June 2004
Volume 4, Issue 8
Vision Sciences Society Annual Meeting Abstract  |   August 2004
The importance of pigmentation for face recognition
Author Affiliations
  • Richard Russell
    MIT, Department of Brain and Cognitive Sciences, USA
  • Pawan Sinha
    MIT, Department of Brain and Cognitive Sciences, USA
  • Marissa Nederhouser
    University of Southern California, Department of Psychology, USA
  • Irving Biederman
    University of Southern California, Department of Psychology, USA
Journal of Vision August 2004, Vol.4, 418. doi:https://doi.org/10.1167/4.8.418
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      Richard Russell, Pawan Sinha, Marissa Nederhouser, Irving Biederman; The importance of pigmentation for face recognition. Journal of Vision 2004;4(8):418. https://doi.org/10.1167/4.8.418.

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      © ARVO (1962-2015); The Authors (2016-present)

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Though shape is considered to be the dominant attribute used for basic-level object recognition, less is known about the roles of shape and pigmentation in face recognition. Sets of faces were created that varied only in shape (with a mean pigmentation) or only in pigmentation (with a mean shape), or varied in both shape and pigmentation. The differences among the stimuli in all three conditions were equivalent by a Gabor jet measure of image similarity. In a delayed match-to-sample task (where the distractor could differ from the matching stimulus in shape, pigmentation, or both attributes), subject responses indicated that both shape and pigmentation cues were important, though shape cues were slightly more so. This result is somewhat inconsistent with recent evidence (Greene, Russell, & Biederman, 2004, VSS) that adaptation of the N170 is highly sensitive to face shape but minimally sensitive to face pigmentation. However, the contribution of pigmentation cues became manifest when these same faces were presented in photographic negative. In this setting, subjects were unimpaired at using shape cues for recognition, but were highly impaired at using pigmentation cues. Thus, disruption in the processing of pigmentation cues may account for the observed difficulty in recognizing negated faces. The large effect of negation on pigmentation may be special to faces in that the matching of smooth, blobby objects with face-like albedo on their surface, as well as normal objects, is only minimally impaired by presentation in photographic negative (Nederhouser et al., 2003). The overall conclusion we draw from these results is that pigmentation information provides an important cue for face recognition.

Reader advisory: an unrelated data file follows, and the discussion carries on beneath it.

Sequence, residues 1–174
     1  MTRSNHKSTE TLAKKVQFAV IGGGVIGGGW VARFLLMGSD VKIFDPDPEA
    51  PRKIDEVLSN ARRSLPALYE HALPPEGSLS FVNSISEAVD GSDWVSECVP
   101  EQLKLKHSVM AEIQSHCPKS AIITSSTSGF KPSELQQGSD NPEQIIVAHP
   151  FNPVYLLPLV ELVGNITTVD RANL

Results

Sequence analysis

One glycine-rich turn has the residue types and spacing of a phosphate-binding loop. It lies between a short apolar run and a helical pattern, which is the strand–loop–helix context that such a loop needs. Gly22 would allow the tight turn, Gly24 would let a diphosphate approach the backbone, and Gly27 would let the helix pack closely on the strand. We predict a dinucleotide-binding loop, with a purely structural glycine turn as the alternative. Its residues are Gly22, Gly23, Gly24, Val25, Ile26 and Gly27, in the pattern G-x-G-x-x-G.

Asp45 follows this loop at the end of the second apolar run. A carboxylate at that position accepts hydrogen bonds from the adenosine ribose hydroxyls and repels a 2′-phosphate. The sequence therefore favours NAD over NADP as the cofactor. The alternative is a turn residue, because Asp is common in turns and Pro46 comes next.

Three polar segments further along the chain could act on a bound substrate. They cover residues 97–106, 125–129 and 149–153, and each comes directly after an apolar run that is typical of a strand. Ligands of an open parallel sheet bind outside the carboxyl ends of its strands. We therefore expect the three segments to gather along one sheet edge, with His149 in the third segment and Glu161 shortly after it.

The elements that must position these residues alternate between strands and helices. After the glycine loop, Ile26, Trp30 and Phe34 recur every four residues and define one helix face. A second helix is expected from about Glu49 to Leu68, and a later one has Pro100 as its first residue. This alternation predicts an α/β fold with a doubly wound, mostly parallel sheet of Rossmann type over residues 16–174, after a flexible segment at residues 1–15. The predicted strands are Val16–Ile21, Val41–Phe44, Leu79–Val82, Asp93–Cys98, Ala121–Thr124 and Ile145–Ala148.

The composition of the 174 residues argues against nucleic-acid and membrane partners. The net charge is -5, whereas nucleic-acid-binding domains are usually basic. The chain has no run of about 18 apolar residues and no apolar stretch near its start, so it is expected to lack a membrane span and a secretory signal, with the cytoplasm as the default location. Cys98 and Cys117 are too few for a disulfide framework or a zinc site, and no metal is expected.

Russell, R., Sinha, P., Nederhouser, M., Biederman, I.(2004). The importance of pigmentation for face recognition [Abstract]. Journal of Vision, 4( 8): 418, 418a, http://journalofvision.org/4/8/418/, doi:10.1167/4.8.418. [CrossRef]

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